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Top Tips for preventing heat exhaustion in dogs

#heatwaveuk

As the weather heats up this week and next, it's important to remain aware of how the heat affects your dog. Heat exhaustion in dogs can lead to serious and potentially fatal conditions such as heat stroke and cardiac arrest. To help keep your dog safe and cool during the heatwave, here are our top tips for keeping them cool.

Unlike people, dogs don't sweat out excess body heat. Whilst dogs have a few sweat glands located in their paws, these do little to help regulate their body temperature. Instead they will pant. But sometimes in excessive periods of high heat panting isn't enough to keep them from getting overheated.

You can help keep your dog from overheating with some basic precautions. These include limiting exercise or outdoor activity on excessively hot days, providing plenty of shade and water when your dog is outdoors, and never, under any circumstances, leaving your dog in a parked car—not even in the shade with the windows rolled down. Even on a normal day the inside of a parked car can reach 120 degrees in minutes, making this an extremely dangerous environment to leave your dog. Please make alternative arrangements for your dog so they don’t have to stay in the car.

If your dog has energy to burn, take them swimming or let him run and play in the sprinkler or a child’s paddling pool.

Additionally, if you do take your dog for a walk it might be better to take him during the cooler hours of the day (do keep in mind hot pavements can burn his paw pads). Be sure to keep water with you and let him take a break in the shade and have a drink as often as required.

Do make sure working dogs are given plenty of breaks to rest in the shade and that they are well-hydrated at all times.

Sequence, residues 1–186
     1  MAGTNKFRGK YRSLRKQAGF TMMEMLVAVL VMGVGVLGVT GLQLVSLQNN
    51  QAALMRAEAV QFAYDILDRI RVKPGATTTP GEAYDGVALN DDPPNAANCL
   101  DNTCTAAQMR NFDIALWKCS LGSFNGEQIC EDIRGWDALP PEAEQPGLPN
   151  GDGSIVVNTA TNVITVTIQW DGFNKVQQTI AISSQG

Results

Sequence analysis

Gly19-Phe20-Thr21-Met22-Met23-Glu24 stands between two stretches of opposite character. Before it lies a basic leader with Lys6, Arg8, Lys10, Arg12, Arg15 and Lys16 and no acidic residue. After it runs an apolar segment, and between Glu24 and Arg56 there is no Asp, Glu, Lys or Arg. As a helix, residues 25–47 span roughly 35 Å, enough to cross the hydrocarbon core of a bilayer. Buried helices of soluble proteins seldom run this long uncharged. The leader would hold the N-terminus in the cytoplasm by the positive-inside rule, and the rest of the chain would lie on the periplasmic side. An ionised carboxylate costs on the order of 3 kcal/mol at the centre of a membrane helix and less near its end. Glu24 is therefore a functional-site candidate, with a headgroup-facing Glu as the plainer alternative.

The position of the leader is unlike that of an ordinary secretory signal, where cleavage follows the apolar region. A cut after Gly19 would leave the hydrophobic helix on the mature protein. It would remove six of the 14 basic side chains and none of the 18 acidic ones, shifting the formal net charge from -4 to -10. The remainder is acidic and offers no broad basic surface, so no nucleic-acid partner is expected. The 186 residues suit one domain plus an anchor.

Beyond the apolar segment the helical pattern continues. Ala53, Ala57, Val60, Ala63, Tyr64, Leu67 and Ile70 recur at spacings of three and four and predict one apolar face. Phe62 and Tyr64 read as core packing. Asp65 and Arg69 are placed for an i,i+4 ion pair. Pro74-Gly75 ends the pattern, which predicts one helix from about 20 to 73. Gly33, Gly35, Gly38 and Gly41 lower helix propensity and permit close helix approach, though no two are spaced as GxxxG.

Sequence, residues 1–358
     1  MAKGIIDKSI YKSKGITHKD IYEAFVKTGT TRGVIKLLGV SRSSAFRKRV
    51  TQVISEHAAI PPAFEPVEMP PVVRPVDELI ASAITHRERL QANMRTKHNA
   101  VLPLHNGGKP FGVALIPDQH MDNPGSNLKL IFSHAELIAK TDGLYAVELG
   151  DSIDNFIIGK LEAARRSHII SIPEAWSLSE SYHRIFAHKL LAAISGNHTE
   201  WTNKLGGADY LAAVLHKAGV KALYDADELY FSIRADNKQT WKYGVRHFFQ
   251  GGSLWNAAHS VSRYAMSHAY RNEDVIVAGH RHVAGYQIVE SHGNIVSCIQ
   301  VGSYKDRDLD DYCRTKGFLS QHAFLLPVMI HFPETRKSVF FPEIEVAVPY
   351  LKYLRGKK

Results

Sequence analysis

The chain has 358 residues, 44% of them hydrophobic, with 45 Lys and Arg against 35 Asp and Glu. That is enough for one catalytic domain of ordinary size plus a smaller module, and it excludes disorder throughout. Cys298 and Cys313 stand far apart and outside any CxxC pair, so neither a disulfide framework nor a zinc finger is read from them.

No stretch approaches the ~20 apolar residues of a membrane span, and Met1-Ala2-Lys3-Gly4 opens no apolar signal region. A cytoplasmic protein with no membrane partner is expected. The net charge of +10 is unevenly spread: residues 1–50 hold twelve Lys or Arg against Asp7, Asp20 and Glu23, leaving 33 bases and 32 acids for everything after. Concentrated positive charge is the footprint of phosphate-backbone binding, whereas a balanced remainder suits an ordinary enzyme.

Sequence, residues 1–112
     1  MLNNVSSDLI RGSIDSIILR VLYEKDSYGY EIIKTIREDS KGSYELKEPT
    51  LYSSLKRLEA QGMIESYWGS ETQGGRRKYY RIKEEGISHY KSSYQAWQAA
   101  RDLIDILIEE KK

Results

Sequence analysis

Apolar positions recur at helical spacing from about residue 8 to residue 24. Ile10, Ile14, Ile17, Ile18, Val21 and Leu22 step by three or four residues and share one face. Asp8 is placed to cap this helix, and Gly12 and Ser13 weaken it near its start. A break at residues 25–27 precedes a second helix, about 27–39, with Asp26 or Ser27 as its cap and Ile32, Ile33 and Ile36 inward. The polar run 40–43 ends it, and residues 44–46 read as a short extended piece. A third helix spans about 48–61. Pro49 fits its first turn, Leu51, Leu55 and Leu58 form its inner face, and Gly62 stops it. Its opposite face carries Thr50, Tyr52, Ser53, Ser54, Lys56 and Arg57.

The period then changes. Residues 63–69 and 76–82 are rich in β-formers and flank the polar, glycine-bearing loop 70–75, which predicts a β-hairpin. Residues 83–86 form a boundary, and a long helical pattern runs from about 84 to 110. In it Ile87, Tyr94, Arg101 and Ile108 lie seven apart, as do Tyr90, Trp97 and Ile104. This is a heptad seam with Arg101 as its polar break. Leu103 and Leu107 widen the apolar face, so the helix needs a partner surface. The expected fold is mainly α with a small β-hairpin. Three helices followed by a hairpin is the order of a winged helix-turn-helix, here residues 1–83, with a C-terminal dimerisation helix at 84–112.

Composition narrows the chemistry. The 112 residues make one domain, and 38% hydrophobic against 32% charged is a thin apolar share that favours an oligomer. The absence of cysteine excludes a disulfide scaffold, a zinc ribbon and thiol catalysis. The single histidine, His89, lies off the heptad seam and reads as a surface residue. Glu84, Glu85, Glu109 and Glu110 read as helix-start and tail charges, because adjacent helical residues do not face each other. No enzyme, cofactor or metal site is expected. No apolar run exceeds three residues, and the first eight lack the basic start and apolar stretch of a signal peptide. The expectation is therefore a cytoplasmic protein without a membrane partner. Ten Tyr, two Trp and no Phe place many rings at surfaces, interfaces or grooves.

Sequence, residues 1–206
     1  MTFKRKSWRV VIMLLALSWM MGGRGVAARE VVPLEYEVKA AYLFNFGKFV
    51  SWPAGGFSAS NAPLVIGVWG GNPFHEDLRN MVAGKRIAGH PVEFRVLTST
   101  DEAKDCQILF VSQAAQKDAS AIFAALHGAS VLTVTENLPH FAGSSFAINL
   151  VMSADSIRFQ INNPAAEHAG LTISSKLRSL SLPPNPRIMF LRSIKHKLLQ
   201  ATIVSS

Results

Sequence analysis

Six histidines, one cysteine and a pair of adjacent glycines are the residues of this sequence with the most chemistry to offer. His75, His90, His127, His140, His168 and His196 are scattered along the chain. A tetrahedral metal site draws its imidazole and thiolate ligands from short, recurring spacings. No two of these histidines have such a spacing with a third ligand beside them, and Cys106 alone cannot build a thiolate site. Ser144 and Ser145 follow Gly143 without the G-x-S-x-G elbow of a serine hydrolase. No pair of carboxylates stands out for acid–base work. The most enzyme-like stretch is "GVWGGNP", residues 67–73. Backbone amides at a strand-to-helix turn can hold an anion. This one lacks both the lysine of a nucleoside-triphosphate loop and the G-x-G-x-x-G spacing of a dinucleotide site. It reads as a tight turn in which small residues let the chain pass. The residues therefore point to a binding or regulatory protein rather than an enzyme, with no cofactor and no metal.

It is not difficult to spot signs of overheating in dogs. Excessive panting is the first symptom. A dangerously overheated dog may then collapse or experience convulsions, exhibit vomiting or diarrhoea, and may also have gums or a tongue that turn blue or bright red. But you will want to identify the problem before it gets that severe so you can intervene and prevent serious overheating. Early potential heat stroke signs include:

  • your dog seems less responsive to commands than usual
  • glazed eyes
  • excessive drooling
  • a rapid heart rate
  • dizziness or lack of coordination
  • lethargy

While all dogs are at risk for overheating in a heatwave, some breeds are more prone to it than others. This includes dogs with thick coats, very young or very old dogs, and brachycephalic breeds. Overweight dogs and those that suffer from medical conditions that cause difficulty breathing or heart problems are especially susceptible.

In this current heat all dogs are at increased risk of overheating if they're not given adequate shade or a cooler place to relax indoors. And dogs left in a hot car are in serious danger of heat exhaustion, heat stroke and death within minutes.

At the first sign of overheating, immediately take action to cool down your dog:

  1. Immediately move your dog to a cooler area in the shade or indoors out of the sun.
  2. If you have access to water, such as a lake or a paddling pool, let your dog take a dip to cool down. Otherwise, use cool, wet towels. Place these towels on his neck, armpits and between his hind legs. You can also gently wet his ears and paw pads with cool water.
  3. If he will have a drink, give him cool, fresh water. Don't force it, however, as it may end up in his lungs. If he can't or won't drink, or can't keep water down, wet his tongue with water instead.
  4. Get him to the vet. Call ahead so they can be ready to take immediate action as soon as you arrive.